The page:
Month: May 2009
Afghanistan’s Constitutional Opera Continues…
May 22nd marked what should have been the end of President Karzai’s first term as President according to the 2004 constitution. As Tom Ginsburg noted in his March 31 post, the Supreme Court justified the continuation of Karzai’s term until August elections to “ensure national consensus and stability in the country.”
The Nepali Process — a Victim of Politics
For most of the past three years Nepal has been hailed as a veritable success for its transition from monarchy to democracy, peace process, interim constitution, elections, and formation of a Constituent Assembly (CA). Now with its government collapsed and a total breakdown in the delivery of basic services to the people, Nepal’s constitution-making process is all but frozen and will likely fail to meet its March 2010 deadline for completion.
Niger President joins those seeking to extend term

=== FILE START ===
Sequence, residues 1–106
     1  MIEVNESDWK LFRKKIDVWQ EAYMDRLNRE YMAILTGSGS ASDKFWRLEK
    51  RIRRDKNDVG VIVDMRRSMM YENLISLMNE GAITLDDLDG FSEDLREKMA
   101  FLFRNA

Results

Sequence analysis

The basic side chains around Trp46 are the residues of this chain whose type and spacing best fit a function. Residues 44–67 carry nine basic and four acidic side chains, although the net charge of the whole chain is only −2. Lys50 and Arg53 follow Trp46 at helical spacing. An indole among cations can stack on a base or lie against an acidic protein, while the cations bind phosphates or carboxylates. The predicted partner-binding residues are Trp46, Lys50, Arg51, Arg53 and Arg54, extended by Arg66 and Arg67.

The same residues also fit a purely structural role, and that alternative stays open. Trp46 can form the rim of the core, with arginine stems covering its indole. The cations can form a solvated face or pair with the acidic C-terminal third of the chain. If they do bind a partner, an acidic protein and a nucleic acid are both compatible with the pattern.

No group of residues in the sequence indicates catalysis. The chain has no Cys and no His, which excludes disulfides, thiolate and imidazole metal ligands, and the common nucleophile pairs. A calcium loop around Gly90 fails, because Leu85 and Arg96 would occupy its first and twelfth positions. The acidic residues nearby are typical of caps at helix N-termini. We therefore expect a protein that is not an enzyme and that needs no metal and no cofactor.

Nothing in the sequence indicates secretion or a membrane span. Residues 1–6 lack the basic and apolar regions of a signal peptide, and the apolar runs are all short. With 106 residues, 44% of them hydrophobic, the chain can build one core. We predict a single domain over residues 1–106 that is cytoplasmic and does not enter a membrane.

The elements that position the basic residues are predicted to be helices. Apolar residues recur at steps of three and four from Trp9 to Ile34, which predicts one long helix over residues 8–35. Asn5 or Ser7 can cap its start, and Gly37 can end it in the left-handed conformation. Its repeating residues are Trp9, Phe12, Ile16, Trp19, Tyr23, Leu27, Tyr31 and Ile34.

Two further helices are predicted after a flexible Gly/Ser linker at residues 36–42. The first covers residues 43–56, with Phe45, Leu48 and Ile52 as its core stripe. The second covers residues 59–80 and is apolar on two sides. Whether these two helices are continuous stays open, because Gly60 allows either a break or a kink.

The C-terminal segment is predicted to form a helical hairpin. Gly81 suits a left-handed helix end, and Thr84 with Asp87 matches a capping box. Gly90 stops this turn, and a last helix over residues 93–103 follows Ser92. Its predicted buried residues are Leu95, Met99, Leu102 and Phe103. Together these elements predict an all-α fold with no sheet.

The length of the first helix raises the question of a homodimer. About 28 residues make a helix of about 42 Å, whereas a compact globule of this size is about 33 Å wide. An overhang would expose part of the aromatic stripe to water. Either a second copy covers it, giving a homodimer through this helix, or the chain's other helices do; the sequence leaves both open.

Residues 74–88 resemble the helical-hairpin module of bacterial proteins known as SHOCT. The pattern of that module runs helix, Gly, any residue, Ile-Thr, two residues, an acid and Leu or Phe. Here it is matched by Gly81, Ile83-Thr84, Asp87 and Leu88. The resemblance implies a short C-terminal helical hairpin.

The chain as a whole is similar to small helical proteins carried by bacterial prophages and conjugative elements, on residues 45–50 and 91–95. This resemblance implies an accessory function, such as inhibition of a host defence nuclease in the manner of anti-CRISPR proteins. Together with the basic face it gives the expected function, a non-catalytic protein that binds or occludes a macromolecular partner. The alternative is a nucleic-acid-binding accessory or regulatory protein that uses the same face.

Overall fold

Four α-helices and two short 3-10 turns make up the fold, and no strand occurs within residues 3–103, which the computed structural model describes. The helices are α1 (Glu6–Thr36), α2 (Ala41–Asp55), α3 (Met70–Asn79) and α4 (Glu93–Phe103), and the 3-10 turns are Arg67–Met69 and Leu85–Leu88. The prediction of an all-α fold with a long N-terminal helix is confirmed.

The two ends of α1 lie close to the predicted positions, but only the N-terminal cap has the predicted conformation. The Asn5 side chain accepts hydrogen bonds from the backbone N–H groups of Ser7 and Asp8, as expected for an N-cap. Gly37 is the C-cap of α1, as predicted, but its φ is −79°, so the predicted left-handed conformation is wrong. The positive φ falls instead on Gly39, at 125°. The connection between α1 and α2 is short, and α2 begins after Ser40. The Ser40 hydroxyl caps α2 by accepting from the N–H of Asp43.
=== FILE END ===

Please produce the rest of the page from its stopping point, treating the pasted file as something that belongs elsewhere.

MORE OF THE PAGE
In Niger, President Mamadou Tandja has joined the ranks of world leaders seeking to amend national constitutions to do away with term limitations. The 70-year old Tandja, coming to the end of his second term, has initiated plans to hold a referendum on a constitutional amendment to do away with term limits.
New bloggers on the way
We hope to expand the substantive coverage of topics in our forum beyond the processes of constitutional formation and issues of constitutional design, so as to also include constitutional cases and other topics of interest. We will soon welcome posts from Professor David Fontana of George Washington University Law School, one of the leading you comparative constitutional scholars in the United States.